At a time when there is so much negative reporting, Gate Safe is kicking off 2023 with some good news …

The charity that has championed the need for an improved understanding of the importance of automatic gate safety since 2010, is delighted to report a clear shift in awareness. After over 13 years of delivering training to installers,  Gate Safe is beginning to receive reports which provide clear evidence that the industry is starting to effectively self-police and take a strong stand against unsafe automated gate installations.

With over 2,700 trained installers on the Gate Safe register, updates are regularly filtering through which demonstrate that installers are increasingly taking a lead with reference to informing customers when a gate represents a serious risk of injury or worse. The improved knowledge in the field is enabling the industry to present a more united front in its response to any gate installation that clearly flouts the guidance which is acknowledged as best practice.

Examples which support this include:

Scenario 1

An installer posted on a specialist engineers group on Facebook details of  a poor quality bracket which had been fitted by an electrician, using an automated gate kit. The final installation featured no safety and the fix of the bracket to the wall was inferior, causing the gate to fail by pulling the bracket from the wall. 

The installer had submitted a quote to replace and upgrade the gate with the legally required safety. The response from the customer was that they only wanted to pay for the gate to be fixed and were not interested in footing the bill for any of the recommended safety features.

The installer’s response (quite rightly) was to walk away from the job, leaving the customer out of pocket and with no powered gate.

Better to sacrifice a sale rather than risk a life …

Scenario 2

An elderly lady called the Gate Safe technical help line. Her late husband had been an electrician and had fitted an automated gate at their home. Since his passing, the lady was experiencing problems finding someone to replace the intercom onto a new post.

Although she had contacted various installers and electricians to see if they would undertake the works, she had met with the same response each time. None of the trade contacted were prepared to take on the project without first insisting that the installation was made safe. Since the customer was reluctant to incur costs before addressing the original request to replace the intercom, this meant that the customer was left without a powered gate, because everyone refused to touch an unsafe gate system.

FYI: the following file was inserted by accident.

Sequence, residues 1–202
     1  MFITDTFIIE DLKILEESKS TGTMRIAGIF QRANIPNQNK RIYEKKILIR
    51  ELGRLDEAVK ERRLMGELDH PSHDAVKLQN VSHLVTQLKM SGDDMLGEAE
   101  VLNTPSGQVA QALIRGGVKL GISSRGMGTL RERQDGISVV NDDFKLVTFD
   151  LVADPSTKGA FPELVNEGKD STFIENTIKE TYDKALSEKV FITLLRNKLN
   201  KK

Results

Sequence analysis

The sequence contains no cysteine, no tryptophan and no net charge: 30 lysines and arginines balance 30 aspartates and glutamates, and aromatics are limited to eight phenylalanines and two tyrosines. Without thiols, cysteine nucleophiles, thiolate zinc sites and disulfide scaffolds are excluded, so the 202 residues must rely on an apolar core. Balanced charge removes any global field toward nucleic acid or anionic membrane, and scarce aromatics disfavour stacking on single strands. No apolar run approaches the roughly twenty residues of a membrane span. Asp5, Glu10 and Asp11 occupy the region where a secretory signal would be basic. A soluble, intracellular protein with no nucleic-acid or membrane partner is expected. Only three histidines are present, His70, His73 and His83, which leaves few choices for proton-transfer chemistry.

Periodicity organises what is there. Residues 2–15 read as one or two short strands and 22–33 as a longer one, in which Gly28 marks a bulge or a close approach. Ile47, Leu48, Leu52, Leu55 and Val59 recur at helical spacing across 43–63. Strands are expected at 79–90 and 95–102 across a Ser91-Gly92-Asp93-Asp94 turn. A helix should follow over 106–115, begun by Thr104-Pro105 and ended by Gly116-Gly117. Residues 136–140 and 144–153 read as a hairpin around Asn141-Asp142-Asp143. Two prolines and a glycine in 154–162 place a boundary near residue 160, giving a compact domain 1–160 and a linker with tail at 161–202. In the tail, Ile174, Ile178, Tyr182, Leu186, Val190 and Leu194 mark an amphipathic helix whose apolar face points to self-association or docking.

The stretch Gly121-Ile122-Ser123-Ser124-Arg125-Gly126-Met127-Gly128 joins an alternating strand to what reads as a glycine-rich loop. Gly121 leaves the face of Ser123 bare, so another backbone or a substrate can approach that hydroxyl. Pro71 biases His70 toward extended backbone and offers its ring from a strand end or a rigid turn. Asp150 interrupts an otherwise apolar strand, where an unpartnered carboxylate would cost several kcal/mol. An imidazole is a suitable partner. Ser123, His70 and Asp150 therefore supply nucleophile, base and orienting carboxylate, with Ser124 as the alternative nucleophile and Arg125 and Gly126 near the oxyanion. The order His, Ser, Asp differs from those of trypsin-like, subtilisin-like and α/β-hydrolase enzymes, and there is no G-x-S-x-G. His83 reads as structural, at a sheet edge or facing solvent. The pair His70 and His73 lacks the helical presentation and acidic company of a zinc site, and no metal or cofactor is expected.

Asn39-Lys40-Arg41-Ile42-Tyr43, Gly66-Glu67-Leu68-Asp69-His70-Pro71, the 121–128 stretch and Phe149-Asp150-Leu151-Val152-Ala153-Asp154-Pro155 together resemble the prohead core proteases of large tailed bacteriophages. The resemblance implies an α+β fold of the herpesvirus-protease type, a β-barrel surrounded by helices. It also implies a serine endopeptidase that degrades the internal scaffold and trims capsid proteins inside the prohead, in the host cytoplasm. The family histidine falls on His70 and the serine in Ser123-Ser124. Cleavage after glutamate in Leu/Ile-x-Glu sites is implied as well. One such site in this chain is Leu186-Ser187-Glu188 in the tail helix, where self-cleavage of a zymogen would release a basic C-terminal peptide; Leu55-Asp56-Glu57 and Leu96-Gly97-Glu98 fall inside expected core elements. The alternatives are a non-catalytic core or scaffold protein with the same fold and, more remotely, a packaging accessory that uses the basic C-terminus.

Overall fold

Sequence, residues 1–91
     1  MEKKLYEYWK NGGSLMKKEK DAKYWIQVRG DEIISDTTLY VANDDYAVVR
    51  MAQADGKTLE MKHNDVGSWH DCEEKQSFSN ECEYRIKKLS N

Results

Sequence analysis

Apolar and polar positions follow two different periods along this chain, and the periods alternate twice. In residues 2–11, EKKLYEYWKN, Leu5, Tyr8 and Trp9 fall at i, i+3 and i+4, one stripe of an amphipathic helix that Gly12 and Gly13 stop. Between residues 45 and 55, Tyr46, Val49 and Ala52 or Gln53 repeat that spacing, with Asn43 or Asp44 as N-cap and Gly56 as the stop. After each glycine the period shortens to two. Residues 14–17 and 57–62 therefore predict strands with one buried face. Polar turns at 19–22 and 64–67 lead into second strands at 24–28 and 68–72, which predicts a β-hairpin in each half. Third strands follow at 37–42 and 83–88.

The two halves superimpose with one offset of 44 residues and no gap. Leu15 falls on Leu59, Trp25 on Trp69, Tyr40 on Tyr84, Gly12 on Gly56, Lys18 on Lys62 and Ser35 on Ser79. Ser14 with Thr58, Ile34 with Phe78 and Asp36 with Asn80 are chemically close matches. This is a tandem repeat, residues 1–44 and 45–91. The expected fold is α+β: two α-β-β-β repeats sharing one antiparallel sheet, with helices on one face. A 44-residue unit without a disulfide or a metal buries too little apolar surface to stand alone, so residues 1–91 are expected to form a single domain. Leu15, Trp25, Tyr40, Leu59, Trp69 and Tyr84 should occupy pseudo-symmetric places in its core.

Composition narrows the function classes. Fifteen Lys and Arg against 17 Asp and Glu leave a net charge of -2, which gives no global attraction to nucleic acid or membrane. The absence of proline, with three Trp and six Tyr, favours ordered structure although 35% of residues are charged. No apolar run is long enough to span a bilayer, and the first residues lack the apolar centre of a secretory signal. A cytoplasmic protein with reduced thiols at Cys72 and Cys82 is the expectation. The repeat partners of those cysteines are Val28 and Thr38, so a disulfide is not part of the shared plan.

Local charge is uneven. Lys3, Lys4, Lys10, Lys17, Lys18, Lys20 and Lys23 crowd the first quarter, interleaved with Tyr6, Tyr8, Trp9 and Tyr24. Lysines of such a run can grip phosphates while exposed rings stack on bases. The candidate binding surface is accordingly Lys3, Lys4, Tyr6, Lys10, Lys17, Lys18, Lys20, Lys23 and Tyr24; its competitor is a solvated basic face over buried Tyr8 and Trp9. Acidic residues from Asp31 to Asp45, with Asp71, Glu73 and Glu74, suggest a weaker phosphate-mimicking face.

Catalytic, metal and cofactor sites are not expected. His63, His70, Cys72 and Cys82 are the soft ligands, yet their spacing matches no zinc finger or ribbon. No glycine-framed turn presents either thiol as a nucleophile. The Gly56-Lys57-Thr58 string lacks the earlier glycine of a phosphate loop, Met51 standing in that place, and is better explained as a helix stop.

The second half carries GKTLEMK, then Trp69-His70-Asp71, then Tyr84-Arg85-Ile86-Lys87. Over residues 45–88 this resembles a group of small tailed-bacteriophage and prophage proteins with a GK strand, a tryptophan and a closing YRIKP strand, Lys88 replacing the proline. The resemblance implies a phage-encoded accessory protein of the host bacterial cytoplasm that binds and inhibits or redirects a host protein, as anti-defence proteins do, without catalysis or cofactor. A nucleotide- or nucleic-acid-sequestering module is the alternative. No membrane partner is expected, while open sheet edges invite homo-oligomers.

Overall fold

Unfortunate for the customer but the right course of action from the installers / electricians who had been contacted, both in terms of protecting the customer and anyone using the gate – and in safeguarding their reputation in the event of an accident.

 Scenario 3

An electrician called the Gate Safe technical help line to ask for guidance regarding the setup of a gate. The electrician in question had initially accepted the assignment but then began to realise the scope of the project and the extent of the works that would need to be completed to ensure the safety of the installation. 

Gate Safe explained the legal implications of installing an unsafe system and the electrician came to the right decision which was to sub-contract the works out to a suitably trained and competent gate installer.

Making money on a job should never be the over-riding priority. Being confident that an installer isdelivering a safe and legally compliant automated gate is what matters most.

Commenting on this positive change, Gate Safe founder Richard Jackson says, “The above scenarios all ended with the right outcome. There is definitely an improved understanding within the trade, especially in relation to the dangers associated with automated gate kits. The regular calls to our technical help line by installers who have completed the training and wish to sense check a particular issue with an independent and impartial expert, further underpins the fact that installers are making great strides in raising standards.

However, this is not the time to become complacent.  While these are all examples of installers arriving at the right decisions, the industry must remain resolute in its commitment to continue to educate customers on the protocols that must be followed to achieve a safe gate.

Automated gates should only be installed and maintained by a professional who has undergone the relevant training to understand how to install a safe gate and how to mitigate any risks. We urge installers to continue to protect their industry and their reputation, by sharing this message far and wide – and making sure their training is up to date! Gate Safe recommends refresher training every two years as a minimum …”.